Why Hockey?

November 14, 2017
By MacSmith BRONZE, Amery, Wisconsin
MacSmith BRONZE, Amery, Wisconsin
2 articles 0 photos 0 comments

Hockey has been one of the most important parts of my life.  Ever since I can remember, I have been playing hockey.  I started skating when I was two years old, and playing hockey at three years old.  I am so thankful that my parents introduced me to hockey at such a young age because it has brought me so much joy over my lifetime.  It has always been a dream of mine to play in the NHL.  This dream has pushed me to improve myself better each time I hit the ice.  There have been highs and lows in my hockey journey, but not every road to greatness is straight. 

My journey in hockey has been a roller coaster with ups and downs along the way, but why are roller coasters so popular?  They are popular because people enjoy them, and I’ve enjoyed every step of my journey.  Scoring my first varsity goal in the first game, on my first shift, and with my first shot was a high that I will remember as long as I live.  However, all roller coasters also have lows, and so does my career in hockey.  Losing in the State Championship game after such an amazing season, was the lowest my roller coaster has gone along my journey.  I expect there to be more highs and lows along my journey, and I hope there are more.  With every high comes a sense of accomplishment, and every low comes with a chance to bounce back and improve yourself.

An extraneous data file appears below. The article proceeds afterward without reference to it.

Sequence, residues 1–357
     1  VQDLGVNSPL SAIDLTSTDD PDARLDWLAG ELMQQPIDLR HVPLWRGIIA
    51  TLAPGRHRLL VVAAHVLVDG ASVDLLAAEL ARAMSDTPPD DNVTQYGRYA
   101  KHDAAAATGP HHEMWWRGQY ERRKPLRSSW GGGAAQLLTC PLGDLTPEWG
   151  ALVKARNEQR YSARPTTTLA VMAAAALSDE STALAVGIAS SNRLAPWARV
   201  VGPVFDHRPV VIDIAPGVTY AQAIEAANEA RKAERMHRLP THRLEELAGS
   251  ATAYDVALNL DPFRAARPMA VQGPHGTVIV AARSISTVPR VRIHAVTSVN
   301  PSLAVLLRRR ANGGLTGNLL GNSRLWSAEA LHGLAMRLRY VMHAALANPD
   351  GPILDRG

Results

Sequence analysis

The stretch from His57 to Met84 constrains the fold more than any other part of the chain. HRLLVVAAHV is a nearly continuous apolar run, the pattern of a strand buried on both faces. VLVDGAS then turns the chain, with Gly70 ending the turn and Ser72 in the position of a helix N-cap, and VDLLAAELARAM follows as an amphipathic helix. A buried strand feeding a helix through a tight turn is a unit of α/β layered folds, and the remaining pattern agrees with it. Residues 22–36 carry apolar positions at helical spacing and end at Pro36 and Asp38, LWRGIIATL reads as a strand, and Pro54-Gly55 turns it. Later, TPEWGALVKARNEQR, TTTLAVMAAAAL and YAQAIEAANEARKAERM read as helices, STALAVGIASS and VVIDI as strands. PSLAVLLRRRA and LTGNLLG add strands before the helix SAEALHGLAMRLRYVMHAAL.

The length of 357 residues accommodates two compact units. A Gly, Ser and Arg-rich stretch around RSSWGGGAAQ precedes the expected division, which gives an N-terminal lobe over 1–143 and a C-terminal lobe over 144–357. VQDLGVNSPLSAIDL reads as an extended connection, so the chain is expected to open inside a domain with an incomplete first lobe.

Hockey is a sport where the team aspect might be the biggest.  Yeah, you have to work together in baseball, football, and many other sports, but that’s not my point.  If you’ve ever watched an NHL hockey game, you might have noticed guys throwing off their gloves off and fighting each other.  This is a key way that players protect each other. If you play dirty and take cheap shots at players, you better expect you, or someone on you team to pay in one way or another.  In hockey, good teammates pass the puck; great teammates will protect their team with everything they have. To do this, they have to put their team in front of their body.  Players dive in front of shots, which can be up to 100 mph.  If you’ve ever seen a picture of the “classic hockey player,” you notice that they have teeth missing.  This if from protecting their team, either by fighting, or getting hit in the face with a shot while trying to block it.  Some of the best teammates will put others safety and well-being in front of their own.  They do this because they will do anything to help their team win, which includes putting themselves in harm’s way.